Republished with permission by RiseOfTheVegan.com
Elmhurst Dairy in Queens, New York has ceased its dairy operation after 90 years citing decreased customer demand.
Since it was incorporated in the 1920’s, Elmhurst had grown to be one of the largest dairy manufacturers on the East Coast of the USA supplying a metropolitan area of seven million people.
CEO Henry Schwartz said the company has been operating at a high cost in recent years and revealed that “Pasteurized fluid milk has sort of gone out of style,”… “we are unable to continue to go on without ongoing losses.” “There isn’t much room for our kind of business. I tried to keep this open because it was my father’s plant and he asked me to do so.”
The shutdown reflects ongoing trends in the dairy milk business: increased consumer awareness of the treatment of cows in the milk industry, as well as consumer concern about saturated fat, cholesterol and hormones is causing year-on-year declining sales.
Andrew Novakovic, a professor of agricultural economics at Cornell University, said milk consumption peaked in the late 1940s and has declined sharply in the last few years, from about 240 pounds per person in 2010 to about 120 pounds per person in 2015.
However the declining demand for cow milk has lead to a growth explosion for plant-based milks, so Elmhurst Dairy have dropped the dairy and renamed to simply ‘Elmhurst’ and will instead produce their own range of healthy plant-based milks.
Elmhurst debuted their new range named ‘Milked’ at the 2017 trade show Natural Foods Expo West in Anaheim, California.
The whole range is suitable for vegans and has very minimal ingredients.
Schwartz says their new range has “up to 4 times more nuts per serving than the other leading brands” and will be available in four varieties, Almond, Hazelnut, Cashew and Walnut. Each contains only raw cold-milled nuts and simple ingredients. And “No emulsifiers, thickeners, whiteners or frankenfood proteins” are used.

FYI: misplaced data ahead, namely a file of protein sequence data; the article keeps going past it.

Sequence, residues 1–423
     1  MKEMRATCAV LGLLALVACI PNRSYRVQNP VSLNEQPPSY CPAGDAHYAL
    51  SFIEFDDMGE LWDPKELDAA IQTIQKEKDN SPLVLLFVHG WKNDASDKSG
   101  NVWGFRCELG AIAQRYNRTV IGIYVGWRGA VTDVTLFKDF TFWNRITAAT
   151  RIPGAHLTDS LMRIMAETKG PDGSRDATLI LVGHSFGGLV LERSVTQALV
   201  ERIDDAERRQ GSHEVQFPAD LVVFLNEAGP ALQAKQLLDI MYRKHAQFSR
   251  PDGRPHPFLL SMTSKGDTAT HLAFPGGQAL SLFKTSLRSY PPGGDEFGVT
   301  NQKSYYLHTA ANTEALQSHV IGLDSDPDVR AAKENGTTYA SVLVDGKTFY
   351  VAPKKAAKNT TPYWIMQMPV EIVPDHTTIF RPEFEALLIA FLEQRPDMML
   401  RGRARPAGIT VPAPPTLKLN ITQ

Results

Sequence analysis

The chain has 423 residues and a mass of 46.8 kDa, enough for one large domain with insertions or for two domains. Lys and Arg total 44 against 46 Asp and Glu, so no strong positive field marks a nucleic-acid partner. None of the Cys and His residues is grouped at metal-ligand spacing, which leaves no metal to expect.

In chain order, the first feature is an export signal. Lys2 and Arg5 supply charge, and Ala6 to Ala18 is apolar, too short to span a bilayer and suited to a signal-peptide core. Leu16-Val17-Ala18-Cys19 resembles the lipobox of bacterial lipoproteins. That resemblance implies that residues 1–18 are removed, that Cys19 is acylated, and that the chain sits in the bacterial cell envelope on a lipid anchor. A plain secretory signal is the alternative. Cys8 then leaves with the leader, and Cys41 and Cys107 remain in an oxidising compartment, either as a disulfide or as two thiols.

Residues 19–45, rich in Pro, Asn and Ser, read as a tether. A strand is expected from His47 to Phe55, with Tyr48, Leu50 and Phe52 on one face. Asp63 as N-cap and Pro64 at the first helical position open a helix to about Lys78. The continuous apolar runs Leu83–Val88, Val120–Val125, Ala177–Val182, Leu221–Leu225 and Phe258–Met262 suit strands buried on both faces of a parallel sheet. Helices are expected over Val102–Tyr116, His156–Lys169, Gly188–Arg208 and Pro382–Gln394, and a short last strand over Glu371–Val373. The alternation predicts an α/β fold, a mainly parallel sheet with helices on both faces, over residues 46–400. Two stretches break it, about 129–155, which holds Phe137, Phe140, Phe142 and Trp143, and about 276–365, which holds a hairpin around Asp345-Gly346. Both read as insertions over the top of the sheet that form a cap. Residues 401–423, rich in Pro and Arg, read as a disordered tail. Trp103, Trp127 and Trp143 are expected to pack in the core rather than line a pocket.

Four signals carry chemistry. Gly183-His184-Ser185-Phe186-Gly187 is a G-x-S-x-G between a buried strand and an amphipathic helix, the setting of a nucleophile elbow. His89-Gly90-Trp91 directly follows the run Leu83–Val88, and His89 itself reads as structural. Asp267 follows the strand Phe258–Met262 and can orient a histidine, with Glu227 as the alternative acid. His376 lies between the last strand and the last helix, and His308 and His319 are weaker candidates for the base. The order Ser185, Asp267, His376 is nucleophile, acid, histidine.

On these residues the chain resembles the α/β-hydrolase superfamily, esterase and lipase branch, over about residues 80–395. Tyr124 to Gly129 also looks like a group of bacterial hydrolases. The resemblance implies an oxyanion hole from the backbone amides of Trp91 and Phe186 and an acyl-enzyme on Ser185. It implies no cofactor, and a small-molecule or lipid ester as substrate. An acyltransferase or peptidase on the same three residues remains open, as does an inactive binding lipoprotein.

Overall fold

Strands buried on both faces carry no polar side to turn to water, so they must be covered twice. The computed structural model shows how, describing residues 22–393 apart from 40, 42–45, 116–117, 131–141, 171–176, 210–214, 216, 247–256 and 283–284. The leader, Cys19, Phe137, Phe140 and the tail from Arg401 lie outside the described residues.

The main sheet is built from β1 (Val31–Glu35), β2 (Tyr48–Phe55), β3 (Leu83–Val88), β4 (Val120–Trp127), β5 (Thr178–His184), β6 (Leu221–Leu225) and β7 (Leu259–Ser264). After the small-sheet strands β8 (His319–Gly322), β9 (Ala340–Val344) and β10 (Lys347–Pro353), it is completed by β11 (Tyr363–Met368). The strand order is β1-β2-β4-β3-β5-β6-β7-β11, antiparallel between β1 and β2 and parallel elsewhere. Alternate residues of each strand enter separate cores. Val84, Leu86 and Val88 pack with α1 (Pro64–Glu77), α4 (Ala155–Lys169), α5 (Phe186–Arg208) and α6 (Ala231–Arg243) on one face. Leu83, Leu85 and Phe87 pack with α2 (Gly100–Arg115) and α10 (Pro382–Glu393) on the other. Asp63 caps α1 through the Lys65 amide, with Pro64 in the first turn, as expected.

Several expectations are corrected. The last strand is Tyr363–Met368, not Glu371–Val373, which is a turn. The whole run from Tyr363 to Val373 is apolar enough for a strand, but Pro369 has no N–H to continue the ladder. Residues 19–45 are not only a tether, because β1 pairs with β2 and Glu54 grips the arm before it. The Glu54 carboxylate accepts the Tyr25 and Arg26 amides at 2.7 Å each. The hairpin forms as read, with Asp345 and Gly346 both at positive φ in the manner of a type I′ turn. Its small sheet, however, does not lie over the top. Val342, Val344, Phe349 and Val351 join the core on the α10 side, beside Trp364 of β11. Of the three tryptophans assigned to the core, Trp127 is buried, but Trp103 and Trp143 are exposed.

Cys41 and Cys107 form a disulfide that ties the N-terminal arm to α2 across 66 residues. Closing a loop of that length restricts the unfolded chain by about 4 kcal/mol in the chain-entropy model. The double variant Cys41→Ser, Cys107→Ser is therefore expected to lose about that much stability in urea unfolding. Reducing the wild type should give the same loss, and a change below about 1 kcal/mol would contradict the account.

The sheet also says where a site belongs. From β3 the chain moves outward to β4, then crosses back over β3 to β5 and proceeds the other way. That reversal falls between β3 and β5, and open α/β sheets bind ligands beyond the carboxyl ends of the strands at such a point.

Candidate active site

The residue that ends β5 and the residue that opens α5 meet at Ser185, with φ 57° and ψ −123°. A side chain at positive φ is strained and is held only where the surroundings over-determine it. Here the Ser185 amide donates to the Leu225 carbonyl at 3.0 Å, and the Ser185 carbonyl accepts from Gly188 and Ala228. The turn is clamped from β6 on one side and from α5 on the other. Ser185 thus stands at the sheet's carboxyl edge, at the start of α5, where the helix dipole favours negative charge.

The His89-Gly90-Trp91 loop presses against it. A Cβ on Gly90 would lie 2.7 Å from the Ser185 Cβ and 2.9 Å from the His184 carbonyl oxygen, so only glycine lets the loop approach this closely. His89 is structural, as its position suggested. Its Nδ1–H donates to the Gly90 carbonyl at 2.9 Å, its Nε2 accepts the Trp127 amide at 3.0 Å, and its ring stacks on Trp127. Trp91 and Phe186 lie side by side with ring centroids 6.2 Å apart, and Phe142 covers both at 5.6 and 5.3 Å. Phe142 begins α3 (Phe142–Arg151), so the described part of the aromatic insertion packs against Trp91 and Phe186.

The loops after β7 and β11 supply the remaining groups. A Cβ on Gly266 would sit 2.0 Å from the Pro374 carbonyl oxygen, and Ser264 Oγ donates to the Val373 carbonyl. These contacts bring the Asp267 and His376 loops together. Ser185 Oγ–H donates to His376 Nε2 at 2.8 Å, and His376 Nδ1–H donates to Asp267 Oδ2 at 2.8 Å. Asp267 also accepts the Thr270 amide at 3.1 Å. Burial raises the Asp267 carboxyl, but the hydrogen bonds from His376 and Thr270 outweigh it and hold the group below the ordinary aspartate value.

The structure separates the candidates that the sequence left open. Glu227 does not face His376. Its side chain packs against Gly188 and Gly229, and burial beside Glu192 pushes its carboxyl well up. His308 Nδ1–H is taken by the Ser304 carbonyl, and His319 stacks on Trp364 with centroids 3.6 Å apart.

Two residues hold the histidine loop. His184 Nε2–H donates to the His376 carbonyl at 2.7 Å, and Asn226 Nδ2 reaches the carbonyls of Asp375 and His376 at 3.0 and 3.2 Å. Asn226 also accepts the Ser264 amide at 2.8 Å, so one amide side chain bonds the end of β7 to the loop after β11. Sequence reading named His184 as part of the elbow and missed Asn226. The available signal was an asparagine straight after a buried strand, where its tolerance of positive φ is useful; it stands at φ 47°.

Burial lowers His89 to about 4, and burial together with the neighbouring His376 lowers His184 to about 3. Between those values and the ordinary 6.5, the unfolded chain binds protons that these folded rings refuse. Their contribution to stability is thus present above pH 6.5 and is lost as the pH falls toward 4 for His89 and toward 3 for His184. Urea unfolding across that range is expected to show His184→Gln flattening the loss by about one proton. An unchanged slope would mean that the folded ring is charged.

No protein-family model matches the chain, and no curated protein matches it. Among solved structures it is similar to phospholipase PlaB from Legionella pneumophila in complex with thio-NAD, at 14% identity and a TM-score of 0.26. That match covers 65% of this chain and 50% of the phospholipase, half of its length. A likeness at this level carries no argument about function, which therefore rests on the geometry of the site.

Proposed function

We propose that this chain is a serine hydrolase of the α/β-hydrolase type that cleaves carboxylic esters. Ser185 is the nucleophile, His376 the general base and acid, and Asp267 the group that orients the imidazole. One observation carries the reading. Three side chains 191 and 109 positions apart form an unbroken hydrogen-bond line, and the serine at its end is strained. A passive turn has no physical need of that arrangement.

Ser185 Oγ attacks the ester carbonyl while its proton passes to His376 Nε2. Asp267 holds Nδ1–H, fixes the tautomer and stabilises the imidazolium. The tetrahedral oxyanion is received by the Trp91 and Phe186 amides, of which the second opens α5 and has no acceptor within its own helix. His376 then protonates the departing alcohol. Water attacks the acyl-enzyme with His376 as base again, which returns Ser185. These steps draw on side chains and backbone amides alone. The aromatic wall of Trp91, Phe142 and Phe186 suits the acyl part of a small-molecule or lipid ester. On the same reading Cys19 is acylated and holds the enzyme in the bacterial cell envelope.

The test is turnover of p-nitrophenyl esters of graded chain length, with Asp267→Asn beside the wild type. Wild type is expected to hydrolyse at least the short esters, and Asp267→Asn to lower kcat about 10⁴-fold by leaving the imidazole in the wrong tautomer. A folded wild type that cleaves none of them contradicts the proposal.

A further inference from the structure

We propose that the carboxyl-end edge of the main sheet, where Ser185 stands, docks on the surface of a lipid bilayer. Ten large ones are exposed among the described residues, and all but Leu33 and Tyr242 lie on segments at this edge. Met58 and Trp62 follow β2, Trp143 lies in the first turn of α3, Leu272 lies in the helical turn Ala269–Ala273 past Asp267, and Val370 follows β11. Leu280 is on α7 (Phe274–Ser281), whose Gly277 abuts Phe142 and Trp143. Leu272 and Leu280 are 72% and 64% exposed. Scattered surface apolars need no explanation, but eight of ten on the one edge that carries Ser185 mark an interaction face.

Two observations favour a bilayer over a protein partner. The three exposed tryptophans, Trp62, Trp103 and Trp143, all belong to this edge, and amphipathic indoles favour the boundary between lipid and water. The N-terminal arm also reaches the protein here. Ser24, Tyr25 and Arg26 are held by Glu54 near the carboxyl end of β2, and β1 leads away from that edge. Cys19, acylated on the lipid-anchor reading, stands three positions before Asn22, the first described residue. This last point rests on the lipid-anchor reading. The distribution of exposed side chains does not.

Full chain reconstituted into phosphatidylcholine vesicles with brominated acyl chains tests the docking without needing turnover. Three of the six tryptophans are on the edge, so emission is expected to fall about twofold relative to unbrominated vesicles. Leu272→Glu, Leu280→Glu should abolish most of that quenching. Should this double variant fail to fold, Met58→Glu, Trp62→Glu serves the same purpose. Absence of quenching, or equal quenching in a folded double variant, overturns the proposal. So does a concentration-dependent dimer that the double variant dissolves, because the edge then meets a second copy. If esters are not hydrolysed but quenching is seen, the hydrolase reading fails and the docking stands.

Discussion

Turning cows into milk machines has led to epidemics of “production-related diseases”, such as lameness and mastitis (udder infections), the two leading causes of dairy cow mortality in the U.S. This weakness is due to the extreme genetic manipulation and supplemented hormones which cause unnaturally high milk yields.
According to the USDA, 1 in 6 dairy cows in the U.S. suffers from clinical mastitis. This level of disease is reflected in the concentration of somatic cells in the milk. When a cow is infected, more than 90% of the somatic cells in her milk are neutrophils, the inflammatory cells that form pus. The average somatic cell count in U.S. milk per spoonful is 1,120,000, however, the dairy industry says this pus doesn’t matter because the milk is pasteurized (the pus gets ‘cooked’).
Dairy milk has also been found to contain an alarming cocktail of hormones including: progesterone, oestrogen, cortisone and other adrenal steroids, IGF-1 growth hormone, leptin, oxytocin, prolactin, thyroxine and triiodothyronine. This makes sense as it’s designed to rapidly grow a baby calf – but aren’t components humans should be consuming.
These days it’s so easy to avoid all this by drinking plant-based milks instead. If you’re not vegan yet, switching your milk might be the best and easiest place to start.
In fact, over the last few years, so many people have been switching away from cow milk that the dairy industry is in serious decline. In the UK, more than a thousand farms have closed in the last three years, and research conducted by Mintel shows that half (49%) of Americans now regularly consume non-dairy milk.
This article is another example of the plant-based revolution that Google CEO Eric Schmidt predicted last year. Meanwhile, people are also ditching whey protein powders in favor of plant-based protein powders, which have seen a significant increase in sales. And new research helped conclude that plant-based protein was best for building muscle.
And tell us in the comments: What do you think of this news? Is this a sign of a plant-based food revolution?